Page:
Chester Zoo enlists the help of UK school children in battle to save Indonesia’s songbirds
Chester Zoo has enlisted the help of UK schoolchildren in its battle to save South East Asia’s endangered songbirds.
Songbirds in Indonesia are on the very brink of extinction as many remarkable and rare birds are being captured and taken from their forest homes to be sold in markets as part of the illegal wildlife trade.
The zoo has already been working with schools in Indonesia to raise awareness of the issue and how to tackle it. With the keeping of songbirds in cages engrained in Indonesian culture, most notably on the island of Java, the zoo has taken steps to engage with local students to help them to realise the beauty of birds in the wild and their importance to the ecosystem.
The crisis has reached a tipping point with forests falling silent as up to 1.3 million birds are taken from the wild each year.
- South East Asian songbirds are on the brink of extinction
- Forests are falling silent with 1.3m birds captured from the wild every year
- Teaching and inspiring children about such conservation crises is the way to save our planet’s beautiful wildlife, say Chester Zoo educators
- Zoo takes theatre to classrooms to relate stories about critically endangered birds like the Javan green magpie
- Ground-breaking new approach to conservation education inspiring school curriculum
Now the zoo’s education team have taken their innovative Sing for Songbirds campaign – a free outreach programme - to a host of schools across the North West in a bid to empower children to want to protect species from other countries and cultures, as well as those closer to home.
The campaign has worked with schools to incorporate the songbird crisis across the curriculum - from music to maths to theatre to geography to English and more. The new approach is designed to add extra value and enrich each subject for children, while simultaneously helping to inspire the next generation of conservationists, vital for protecting the future of our planet.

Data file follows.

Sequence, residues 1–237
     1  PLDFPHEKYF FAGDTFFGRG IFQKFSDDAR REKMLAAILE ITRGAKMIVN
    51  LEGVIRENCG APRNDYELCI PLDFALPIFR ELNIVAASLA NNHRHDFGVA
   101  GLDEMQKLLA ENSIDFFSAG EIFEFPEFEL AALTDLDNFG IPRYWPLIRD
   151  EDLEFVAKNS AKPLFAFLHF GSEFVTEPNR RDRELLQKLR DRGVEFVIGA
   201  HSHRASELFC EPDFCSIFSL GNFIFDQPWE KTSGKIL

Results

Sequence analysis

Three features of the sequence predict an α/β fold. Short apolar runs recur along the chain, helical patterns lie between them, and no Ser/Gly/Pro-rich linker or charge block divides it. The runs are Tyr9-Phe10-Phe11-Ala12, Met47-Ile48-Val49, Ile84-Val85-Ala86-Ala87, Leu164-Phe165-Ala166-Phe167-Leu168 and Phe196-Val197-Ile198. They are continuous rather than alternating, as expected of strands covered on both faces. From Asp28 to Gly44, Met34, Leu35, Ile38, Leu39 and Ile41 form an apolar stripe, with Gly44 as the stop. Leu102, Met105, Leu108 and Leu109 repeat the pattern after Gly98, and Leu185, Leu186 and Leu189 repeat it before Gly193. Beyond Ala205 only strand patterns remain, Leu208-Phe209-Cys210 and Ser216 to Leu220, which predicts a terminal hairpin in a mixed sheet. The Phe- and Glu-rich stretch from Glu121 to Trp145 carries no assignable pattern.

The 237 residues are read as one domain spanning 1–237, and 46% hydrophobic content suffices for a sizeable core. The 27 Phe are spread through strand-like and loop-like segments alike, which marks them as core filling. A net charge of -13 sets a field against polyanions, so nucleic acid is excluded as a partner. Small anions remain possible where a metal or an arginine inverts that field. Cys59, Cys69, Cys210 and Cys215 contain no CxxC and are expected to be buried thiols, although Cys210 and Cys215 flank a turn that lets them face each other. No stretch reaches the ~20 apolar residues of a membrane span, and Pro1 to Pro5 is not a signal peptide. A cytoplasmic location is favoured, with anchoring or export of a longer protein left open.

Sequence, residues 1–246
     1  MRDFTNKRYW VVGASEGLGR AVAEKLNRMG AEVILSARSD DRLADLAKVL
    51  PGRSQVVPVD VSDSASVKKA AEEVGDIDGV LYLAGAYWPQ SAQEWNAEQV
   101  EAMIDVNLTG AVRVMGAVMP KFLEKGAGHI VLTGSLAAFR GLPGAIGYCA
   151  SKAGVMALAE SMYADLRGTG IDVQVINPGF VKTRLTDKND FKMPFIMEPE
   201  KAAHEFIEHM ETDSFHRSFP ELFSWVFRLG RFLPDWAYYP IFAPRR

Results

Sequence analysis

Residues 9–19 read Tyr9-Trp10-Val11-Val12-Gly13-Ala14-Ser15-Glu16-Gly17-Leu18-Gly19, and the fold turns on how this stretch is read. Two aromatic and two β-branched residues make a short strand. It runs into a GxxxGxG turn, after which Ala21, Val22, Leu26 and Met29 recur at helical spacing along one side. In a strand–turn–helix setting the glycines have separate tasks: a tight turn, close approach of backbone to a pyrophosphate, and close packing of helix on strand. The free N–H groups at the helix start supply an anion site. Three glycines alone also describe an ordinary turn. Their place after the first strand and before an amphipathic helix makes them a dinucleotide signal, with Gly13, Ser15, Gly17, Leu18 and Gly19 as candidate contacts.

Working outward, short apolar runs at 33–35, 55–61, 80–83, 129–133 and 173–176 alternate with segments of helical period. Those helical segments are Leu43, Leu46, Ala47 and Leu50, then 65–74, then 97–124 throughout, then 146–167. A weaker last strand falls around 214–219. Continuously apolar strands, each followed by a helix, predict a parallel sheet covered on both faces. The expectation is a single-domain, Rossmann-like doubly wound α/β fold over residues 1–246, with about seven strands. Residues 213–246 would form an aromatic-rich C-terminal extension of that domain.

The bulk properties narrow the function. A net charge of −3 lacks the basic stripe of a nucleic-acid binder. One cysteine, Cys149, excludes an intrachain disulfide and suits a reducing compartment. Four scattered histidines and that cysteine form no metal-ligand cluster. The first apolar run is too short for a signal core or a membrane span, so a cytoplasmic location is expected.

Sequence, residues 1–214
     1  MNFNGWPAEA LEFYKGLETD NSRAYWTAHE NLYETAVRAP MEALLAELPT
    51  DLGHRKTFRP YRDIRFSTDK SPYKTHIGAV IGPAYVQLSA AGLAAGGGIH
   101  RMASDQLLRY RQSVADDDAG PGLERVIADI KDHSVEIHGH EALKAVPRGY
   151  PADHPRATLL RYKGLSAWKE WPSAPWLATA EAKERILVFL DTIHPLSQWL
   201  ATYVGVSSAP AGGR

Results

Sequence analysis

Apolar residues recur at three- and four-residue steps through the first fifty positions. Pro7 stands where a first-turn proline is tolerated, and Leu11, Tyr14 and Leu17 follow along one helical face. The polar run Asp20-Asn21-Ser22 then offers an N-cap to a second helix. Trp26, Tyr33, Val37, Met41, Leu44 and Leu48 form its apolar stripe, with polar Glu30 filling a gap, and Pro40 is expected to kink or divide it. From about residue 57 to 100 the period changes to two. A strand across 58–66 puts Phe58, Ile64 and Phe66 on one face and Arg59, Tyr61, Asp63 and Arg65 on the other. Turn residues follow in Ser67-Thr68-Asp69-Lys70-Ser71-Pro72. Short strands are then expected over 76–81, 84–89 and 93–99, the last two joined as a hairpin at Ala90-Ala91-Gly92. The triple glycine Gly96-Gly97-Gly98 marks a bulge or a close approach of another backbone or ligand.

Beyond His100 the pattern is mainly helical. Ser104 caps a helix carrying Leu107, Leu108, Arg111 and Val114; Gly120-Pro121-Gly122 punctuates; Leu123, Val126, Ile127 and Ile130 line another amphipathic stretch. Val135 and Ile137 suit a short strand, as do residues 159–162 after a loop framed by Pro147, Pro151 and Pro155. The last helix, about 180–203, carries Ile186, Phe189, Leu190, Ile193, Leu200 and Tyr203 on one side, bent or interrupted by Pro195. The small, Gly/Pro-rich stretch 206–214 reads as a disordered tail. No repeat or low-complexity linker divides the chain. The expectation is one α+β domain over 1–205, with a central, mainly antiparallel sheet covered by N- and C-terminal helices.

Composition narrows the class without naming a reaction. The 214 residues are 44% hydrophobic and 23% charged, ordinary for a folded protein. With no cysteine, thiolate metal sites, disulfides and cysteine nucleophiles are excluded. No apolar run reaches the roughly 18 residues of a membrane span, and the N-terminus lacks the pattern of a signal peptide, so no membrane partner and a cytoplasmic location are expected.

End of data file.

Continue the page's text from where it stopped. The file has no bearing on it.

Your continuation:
All of the schools that have so far taken part were specially selected in an attempt to reach out to those that wouldn’t normally be able to visit the zoo, engaging children who had potentially never been interested in conservation initiatives before.
Up to now, 2,443 British students from 26 schools have been taught by the zoo’s team of Safari Rangers, as well as 282 adults and two community groups. All of the classes were revisited by the team several times as research has discovered that engaging a group repeatedly over a focussed period of time is more effective than a one off visit.
As part of the initiative, the zoo, in collaboration with Peoplescape Theatre and supported using public funding by Arts Council England, has also taken theatre into the classroom in an innovative way to further children’s understanding of the issue.
Hannah Brooks, the zoo’s Community Engagement Manager, said:
“Having spent time in Indonesia I have witnessed the songbird crisis first hand. To visit a bird market in one of the big cities in Java and be met with the raucous birdsong from thousands upon thousands of caged birds but to then to hear nothing but absolute silence when stood in a forest is incredibly sad. It’s heartbreaking.
“The situation is critical but it’s not a fight that is lost. Chester Zoo is working with its partners in Indonesia on a number of community engagement initiatives to get local people on board with the battle. It’s really important that people living in villages close to forests want to protect birds and understand their importance to the ecosystem.
“The next step is then to find a way for people in the UK to get involved and that’s what we’re doing through our education programme. It’s vital that we teach the next generation about wildlife crises such as these, to not only develop their knowledge of songbirds and other cultures, but importantly to empower them to want to take action and protect them. It’s about inspiring more people to connect with nature and to find their own way, however little or big, to be a conservationist in their day to day life that’s really going to make a difference for species around the world.”
All of the students and teachers involved in the campaign also visited the zoo to participate in a Songbird Festival Day, providing unique opportunities for students to see first-hand the birds they have been learning about and campaigning for. A highlight of the festival was a mini concert performed by the singer/songwriter Ashley Fayth who, alongside the zoo’s educating team, has written a song dedicated to highlighting songbirds and the crisis they are faced up to.